Variance measures the amount of information in the data set. How?
Information is a slippery concept, so it pays to be a little concrete. So specialize to the case of a regression model. You have some variables $x_1, x_2, \dotsc, x_p$, say, which you wants to use to predict or explain $Y$. Lets say now that all the observations of $x_1$ are equal, so its variance is zero. This variable will not be useful for explaining $Y$. If you want to study, say, the relationship between education level and income, but your sample only includes college graduates without any post-graduate education, how useful will that be? It is in this sense that variance can be a measure of information in the data.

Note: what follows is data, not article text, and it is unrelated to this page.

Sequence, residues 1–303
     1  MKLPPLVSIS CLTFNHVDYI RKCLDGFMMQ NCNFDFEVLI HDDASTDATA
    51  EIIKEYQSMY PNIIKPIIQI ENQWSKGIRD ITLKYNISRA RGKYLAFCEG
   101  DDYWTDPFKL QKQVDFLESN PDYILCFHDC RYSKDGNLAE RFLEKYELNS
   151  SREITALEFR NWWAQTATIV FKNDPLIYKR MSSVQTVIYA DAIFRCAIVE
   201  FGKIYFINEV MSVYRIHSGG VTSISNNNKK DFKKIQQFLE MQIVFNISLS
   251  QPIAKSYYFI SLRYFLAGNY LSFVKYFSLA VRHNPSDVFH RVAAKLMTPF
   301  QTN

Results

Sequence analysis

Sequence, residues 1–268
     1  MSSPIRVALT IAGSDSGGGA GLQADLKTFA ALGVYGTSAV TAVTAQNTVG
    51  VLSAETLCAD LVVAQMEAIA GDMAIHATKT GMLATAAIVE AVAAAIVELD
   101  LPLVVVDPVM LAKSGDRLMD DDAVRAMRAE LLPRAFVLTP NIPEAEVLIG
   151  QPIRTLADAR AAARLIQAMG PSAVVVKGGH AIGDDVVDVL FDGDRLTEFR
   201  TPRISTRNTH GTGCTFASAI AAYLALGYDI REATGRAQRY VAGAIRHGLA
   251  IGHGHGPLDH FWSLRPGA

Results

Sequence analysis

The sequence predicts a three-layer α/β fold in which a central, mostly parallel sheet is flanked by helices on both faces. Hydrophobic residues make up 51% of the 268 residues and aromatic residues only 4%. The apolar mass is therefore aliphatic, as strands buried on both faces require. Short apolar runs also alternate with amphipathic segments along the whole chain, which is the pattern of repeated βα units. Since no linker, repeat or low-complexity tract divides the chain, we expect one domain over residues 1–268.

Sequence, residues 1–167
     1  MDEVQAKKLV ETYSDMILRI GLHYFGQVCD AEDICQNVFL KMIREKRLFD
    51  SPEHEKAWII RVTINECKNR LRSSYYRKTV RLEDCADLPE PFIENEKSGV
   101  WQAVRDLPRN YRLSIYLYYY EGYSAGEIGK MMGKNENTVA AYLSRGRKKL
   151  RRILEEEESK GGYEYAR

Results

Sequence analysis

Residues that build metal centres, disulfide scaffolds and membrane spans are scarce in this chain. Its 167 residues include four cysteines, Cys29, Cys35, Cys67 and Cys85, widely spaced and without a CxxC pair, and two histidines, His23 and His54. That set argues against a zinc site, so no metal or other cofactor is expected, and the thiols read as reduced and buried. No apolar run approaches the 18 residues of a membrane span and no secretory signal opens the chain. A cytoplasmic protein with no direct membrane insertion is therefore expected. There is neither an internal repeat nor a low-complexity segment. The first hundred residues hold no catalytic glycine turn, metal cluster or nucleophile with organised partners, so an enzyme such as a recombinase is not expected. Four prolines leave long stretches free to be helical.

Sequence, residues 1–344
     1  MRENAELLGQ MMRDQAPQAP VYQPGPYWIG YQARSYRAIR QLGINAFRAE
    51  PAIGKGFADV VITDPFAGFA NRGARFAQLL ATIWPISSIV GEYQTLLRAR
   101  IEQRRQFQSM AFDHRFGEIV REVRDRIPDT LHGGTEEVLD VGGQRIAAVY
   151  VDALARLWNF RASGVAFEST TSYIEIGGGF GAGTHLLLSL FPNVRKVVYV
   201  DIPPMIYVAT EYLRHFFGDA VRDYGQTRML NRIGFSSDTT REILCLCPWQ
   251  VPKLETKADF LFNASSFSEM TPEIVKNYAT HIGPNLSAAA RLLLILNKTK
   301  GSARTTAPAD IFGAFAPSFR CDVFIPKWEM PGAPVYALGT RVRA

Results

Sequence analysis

But this will only make sense in relationship to some given model. "Information" in the abstract, without any qualification, does not make sense. To see that more clearly, another example: let’s say your observations are repeated measurements of the same specimen, length, weight, whatever. The ideal case is that all are equal — no measurement error. Variance in this case represents measurement error, and higher variance corresponds to less information!